A truce in the math wars

Mathematicians and math educators attended a “peace summit” to settle the math wars, reports the Washington Post. Participants were surprised to discover a wide area of agreement:

¥ Heavy reliance on calculators in the early elementary grades is a bad idea.

¥ Elementary school children must have automatic recall of number facts, meaning that, yes, they have to memorize multiplication tables.

¥ Children must master basic algorithms. The meeting participants spent time defining the word “algorithm,” which means a set of rules for solving a problem in a finite number of steps.

Math makes you smarter, according to an article linked by Chris Correa.

In next month’s issue of Intelligence, an interdisciplinary group of researchers propose a new hypothesis to explain the Flynn effect. The Flynn effect refers to the puzzling rise of IQ scores all over the world during the twentieth century.

Popular explanations of the Flynn effect often note improvements in nutrition and increased access to formal schooling, but these authors emphasize the changing nature of mathematics education and the possible effects on the prefrontal cortex. This is because fluid intelligence (the ability to reason and deal with unfamiliar problems) has rapidly improved in recent history. They suggest contemporary education requires kids to get a lot of practice with prefrontally-based fluid cognitive skills.

Via Eduwonk.

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  1. Interesting discussion. How is it that children are expected at once to be familiar with mathematical algorithms and not use calculators? I blog more about this here.

  2. Andy Freeman says:

    > How is it that children are expected at once to be familiar with mathematical algorithms and not use calculators?

    Huh? Algorithms, including mathematical ones, predate calculators by a couple of thousand years.

    There is no Royal Road. If you don’t know the fundamentals, you’re going to lose to folks who do.

  3. dfriedman,

    In this case, they’re talking about standard algorithms like the ones for mutli-digit arithmetic. New math replaces these with calculator use, which makes life difficult for students in algebra when variables come into place.

  4. “Advanced students in high school used to be the only ones to study geometry, but now most third-graders solve problems involving 3-dimensional representations on a regular basis”…is this really true? My perception is that formal (Euclidean) geometry used to be part of the high school curriculum for nearly everyone, but has now become less common.

  5. Who says IQs have been rising all over the world? Isn’t that begging the question? Anyway, it ain’t happening in my school district.

  6. Definitely agree with the whole calculator bit. I was quite shocked in middle school when my friend asked me what 9 * 8 was. Granted, she was in a rush to complete a math assignment, but still. Multiplication tables (up through twelve times twelve) should be so basic and ingrained that the answers should jump into your head instantly, imo. My friend had become so dependent on calculators that she had trouble thinking of the answer to a very simple problem.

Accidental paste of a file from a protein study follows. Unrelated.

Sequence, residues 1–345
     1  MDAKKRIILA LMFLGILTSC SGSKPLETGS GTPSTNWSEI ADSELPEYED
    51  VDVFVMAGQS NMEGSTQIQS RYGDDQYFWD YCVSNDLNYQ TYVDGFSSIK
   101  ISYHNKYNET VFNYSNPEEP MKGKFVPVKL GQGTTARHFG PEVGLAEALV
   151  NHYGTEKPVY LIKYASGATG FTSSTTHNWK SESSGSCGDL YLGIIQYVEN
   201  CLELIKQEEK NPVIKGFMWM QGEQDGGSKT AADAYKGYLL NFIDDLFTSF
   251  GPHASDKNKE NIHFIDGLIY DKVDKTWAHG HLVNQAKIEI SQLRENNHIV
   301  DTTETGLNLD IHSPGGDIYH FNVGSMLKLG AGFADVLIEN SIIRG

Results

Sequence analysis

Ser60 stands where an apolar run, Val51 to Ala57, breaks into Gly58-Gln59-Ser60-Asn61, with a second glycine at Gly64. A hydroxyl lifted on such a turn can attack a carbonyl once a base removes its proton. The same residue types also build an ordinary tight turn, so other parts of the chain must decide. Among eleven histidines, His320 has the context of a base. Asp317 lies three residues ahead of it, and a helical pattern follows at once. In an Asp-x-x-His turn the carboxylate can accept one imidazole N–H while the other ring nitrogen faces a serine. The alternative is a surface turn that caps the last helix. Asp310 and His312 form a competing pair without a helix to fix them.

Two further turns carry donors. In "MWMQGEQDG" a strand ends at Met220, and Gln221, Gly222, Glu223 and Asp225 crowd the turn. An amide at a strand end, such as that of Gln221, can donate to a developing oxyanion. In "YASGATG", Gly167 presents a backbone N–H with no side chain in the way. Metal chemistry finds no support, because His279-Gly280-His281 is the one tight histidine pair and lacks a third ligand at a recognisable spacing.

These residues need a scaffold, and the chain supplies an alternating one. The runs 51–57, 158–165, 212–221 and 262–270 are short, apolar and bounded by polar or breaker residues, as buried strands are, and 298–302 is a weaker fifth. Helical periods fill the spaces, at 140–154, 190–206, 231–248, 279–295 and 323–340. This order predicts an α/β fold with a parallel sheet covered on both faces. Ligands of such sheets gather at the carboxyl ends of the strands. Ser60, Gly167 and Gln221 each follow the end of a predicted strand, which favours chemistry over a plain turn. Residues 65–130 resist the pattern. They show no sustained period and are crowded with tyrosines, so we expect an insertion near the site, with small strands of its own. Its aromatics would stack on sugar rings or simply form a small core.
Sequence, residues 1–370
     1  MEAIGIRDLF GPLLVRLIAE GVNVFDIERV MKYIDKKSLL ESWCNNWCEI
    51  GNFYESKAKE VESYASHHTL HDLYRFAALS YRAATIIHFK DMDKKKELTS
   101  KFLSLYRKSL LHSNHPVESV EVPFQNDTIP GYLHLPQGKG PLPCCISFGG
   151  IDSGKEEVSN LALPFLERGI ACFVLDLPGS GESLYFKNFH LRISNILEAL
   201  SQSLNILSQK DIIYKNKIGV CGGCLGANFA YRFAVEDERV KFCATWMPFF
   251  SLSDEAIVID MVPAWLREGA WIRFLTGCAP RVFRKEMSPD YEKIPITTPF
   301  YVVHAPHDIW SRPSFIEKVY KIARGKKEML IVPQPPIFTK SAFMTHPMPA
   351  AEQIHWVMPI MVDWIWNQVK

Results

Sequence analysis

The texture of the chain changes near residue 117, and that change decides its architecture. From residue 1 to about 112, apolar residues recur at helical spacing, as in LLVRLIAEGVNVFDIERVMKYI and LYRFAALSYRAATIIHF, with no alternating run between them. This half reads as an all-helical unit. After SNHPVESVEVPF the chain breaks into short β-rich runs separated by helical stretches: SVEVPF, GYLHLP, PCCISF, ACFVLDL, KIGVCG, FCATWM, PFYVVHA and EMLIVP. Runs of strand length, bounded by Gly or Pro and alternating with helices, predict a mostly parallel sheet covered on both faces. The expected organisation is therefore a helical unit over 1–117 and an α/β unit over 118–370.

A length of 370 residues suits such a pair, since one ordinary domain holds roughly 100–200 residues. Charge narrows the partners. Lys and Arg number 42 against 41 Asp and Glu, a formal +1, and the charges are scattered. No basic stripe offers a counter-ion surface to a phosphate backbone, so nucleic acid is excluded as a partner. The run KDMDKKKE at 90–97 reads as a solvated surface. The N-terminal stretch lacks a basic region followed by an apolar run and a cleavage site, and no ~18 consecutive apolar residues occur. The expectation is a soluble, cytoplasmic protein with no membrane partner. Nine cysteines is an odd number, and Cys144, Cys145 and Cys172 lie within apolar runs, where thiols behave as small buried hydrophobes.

7. In my view the value of Euclid goes beyond conceptualizing shapes. Yes, there are graphing programs that do some marvelous manipulations of objects in three dimensions.

    But as to the value of Euclid: Euclid presents a logical framework that has stood over 2300 years and pre-dates the Bible. If memory serves me, the 13 Books of Euclid contain 456 proofs, each building on prior proofs that grow out of Euclid’s “common notions.” Working through the drawings and doing the proofs facilitates logical thinking.

    The logic is independent of the drawings as Einstein and Hilbert observed. To understand non-Euclidean geometry, we must understand Euclidean geometry. Non-Euclidean geometry, as we all know, is used in understanding Einstein’s Theory of Relativity. The graphing systems are pretty much Euclidean that we encounter and there is a significant discussion as to whether the universe is open or closed – that is do parallel lines really meet? Messing with Euclid’s Fifth Postulate leads to a new realm that, at least for me, I could not really understand without first having done Euclid. The proofs require a leap in logic that comes from getting into the machinery of Euclid and then tinkering with it. Without that understanding, it is difficult to move into the mathematics that cannot be shown on a two-dimensional screen – such as when we contemplate super string theory with far more than four dimensions. That’s when our fundamentals come in mighty handy.

    Fascinating stuff.


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